October 31, 2013

Nightmare in New Eden Part Two - Contract Recap

Nightmare in New Eden Part Two kicked off on October 31, 2013, at 23:30 EVE Time. The rules were simple: kill the Nightmare piloted by Tyen in Tama. Prizes were handed out for various achievements such as one Nightmare given away to the person with the top damage on the target Nightmare, one Machariel for the person with the most kills, and many, many more. It was all in good fun, and it was a lot of fun. Something like 400 ships, including anything from noobships to carriers, showed up for a piece of the action. Noir. was hired to help protect the Nightmare for as long as possible, along with some friendly volunteers.

Tyen let us know he was going to be heavily shield tanking his Nightmare (obviously), so Noir. followed suit with a shield fleet composed of Caracals, Cerberuses, and Basilisks, with a few links and a Blackbird. 

We rallied up 30 minutes ahead of time, at 23:00, in Nourvukaiken, a high security system one jump over. The total fleet, with the help of Sky Fighters, The Dark Space Initiative, and a few solo pilots, numbered about 40 or so, but Noir. represented the bulk of the fleet. 

We had some scouts in Tama at the sun, which Tyen was going to warp in upon login, and so we knew there was a small fleet of assault frigates, interceptors, and a few assorted frigates already at the sun. We went ahead and came into Tama and warped to the sun at our optimal range as Tyen was coming in so we would arrive at roughly the same time.

We easily cleared the field of the smaller ships, but as news began to spread through local and various intel channels, more and more people began to arrive.  

Tyen's Nightmare, accompanied by Kasai Hightower's Nightmare, held most of the attention, allowing us to continue to continue repairing Tyen's shields, our fleet's shields, and control the field fairly well.  I was in a Caracal, personally, a fit I originally created for the "Save" Jita 2.0 campaign, which allowed us to dictate range fairly well with a high alpha. Unfortunately, since I travel all the time for work, I have to have a fairly light laptop. Currently, my work rig is a Lenovo Y410p. It's sturdy enough for most things, but the amount of people on the field was causing a ton of lag for me, even at low settings. If I were home, on my desktop, I don't think there would have been any issues, but on my laptop, by the time I started to notice damage and either broadcast for reps or warp out, I was dead.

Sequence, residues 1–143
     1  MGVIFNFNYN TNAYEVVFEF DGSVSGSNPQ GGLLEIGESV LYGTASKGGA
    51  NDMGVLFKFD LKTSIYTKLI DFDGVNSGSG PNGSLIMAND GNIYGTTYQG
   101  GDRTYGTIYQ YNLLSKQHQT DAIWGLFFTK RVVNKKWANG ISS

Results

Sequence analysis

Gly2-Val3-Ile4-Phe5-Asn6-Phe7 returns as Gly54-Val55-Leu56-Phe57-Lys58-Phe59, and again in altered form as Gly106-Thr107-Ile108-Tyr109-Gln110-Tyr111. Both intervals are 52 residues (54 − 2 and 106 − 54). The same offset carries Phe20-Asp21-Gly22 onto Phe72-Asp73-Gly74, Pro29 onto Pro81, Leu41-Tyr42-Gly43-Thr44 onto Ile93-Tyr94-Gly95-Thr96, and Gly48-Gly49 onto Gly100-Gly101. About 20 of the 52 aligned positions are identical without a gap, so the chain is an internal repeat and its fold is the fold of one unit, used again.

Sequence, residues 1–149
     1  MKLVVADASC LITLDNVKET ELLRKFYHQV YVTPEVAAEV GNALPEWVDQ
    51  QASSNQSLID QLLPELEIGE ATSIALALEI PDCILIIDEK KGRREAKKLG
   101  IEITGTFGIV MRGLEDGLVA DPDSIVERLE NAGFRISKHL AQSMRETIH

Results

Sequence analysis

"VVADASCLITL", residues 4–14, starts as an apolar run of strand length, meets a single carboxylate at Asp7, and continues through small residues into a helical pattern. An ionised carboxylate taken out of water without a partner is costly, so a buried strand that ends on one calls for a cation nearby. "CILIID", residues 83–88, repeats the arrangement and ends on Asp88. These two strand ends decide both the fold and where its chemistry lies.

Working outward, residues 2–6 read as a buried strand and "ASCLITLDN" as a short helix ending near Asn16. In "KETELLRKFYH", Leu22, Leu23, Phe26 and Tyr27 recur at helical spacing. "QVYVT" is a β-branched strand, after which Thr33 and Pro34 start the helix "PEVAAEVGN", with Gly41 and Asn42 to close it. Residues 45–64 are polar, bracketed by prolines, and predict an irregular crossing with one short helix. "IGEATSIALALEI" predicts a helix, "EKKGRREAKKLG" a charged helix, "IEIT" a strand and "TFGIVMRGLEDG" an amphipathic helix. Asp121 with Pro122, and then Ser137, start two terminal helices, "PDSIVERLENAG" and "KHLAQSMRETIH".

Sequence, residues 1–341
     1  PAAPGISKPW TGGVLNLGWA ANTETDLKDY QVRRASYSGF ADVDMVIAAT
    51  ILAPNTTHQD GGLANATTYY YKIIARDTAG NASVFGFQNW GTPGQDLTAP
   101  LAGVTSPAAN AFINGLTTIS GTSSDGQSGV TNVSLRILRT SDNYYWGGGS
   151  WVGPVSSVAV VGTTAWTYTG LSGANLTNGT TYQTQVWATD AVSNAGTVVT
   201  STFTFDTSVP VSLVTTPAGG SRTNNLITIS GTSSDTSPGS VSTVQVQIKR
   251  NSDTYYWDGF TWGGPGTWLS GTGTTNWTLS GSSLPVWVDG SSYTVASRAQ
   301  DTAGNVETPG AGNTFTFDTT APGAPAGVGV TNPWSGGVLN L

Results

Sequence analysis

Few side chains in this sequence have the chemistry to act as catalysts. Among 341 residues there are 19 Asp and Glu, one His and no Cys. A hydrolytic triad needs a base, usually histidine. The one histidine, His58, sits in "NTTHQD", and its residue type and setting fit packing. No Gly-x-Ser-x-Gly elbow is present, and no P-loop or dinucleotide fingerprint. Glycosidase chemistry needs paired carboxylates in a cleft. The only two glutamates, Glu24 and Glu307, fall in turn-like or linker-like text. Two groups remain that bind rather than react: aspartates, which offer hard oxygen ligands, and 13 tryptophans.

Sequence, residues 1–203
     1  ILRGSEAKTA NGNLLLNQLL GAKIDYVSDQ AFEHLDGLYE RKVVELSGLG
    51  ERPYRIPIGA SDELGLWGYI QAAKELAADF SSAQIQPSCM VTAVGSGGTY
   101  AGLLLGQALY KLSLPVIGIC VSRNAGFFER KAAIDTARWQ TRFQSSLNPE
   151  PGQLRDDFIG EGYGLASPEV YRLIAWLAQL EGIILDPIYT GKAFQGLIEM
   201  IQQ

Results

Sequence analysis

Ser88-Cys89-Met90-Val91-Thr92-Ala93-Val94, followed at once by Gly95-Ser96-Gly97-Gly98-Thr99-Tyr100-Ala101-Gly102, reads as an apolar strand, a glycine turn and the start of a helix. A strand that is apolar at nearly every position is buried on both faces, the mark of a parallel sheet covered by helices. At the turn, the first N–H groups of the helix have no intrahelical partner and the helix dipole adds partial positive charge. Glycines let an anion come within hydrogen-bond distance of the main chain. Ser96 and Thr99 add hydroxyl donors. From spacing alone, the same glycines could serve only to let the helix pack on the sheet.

Tyen would let us know in TS if he needed anyone specific taken out or if he was preparing to smart bomb, and we were controlling the overall flow of the fight pretty well for the first 45 minutes.

About 10 minutes in, SniggWaffe also showed up in a Caracal fleet. They managed to take out one of our guys right when they showed up, one in the middle, and two more right at the end. We kept close eyes on them, as they heavily outnumbered us. The range and damage of the Caracal ended up costing us almost half of our losses, which is why we tried to keep such a close watch on them.

Eventually, Pandemic Legion brought an Ishtar fleet, and their drones managed to take me out once (damn those things!). The damage of an Ishtar fleet is nothing to laugh at. Up until this point, our logistics had been able to hold reps on Tyen and our fleet with no real issues. We were able to stay out of range of the battleship fleet that Suddenly Spaceships brought in and we could burn anything smaller down pretty quickly. Unfortunately, Suddenly Spaceships also had a triage Archon on the field, and we weren't able to break the tank of enough battleships to keep control of the battle.

Coupled with PL's Ishtar fleet, we began to lose the edge in repair power, and one by one our logistics were forced off the field or destroyed.  After this, it was basically a waiting game. By this time, our damage was too low to force any of the other major hitters off the field, of course, and so we waited to see when Tyen was going to go.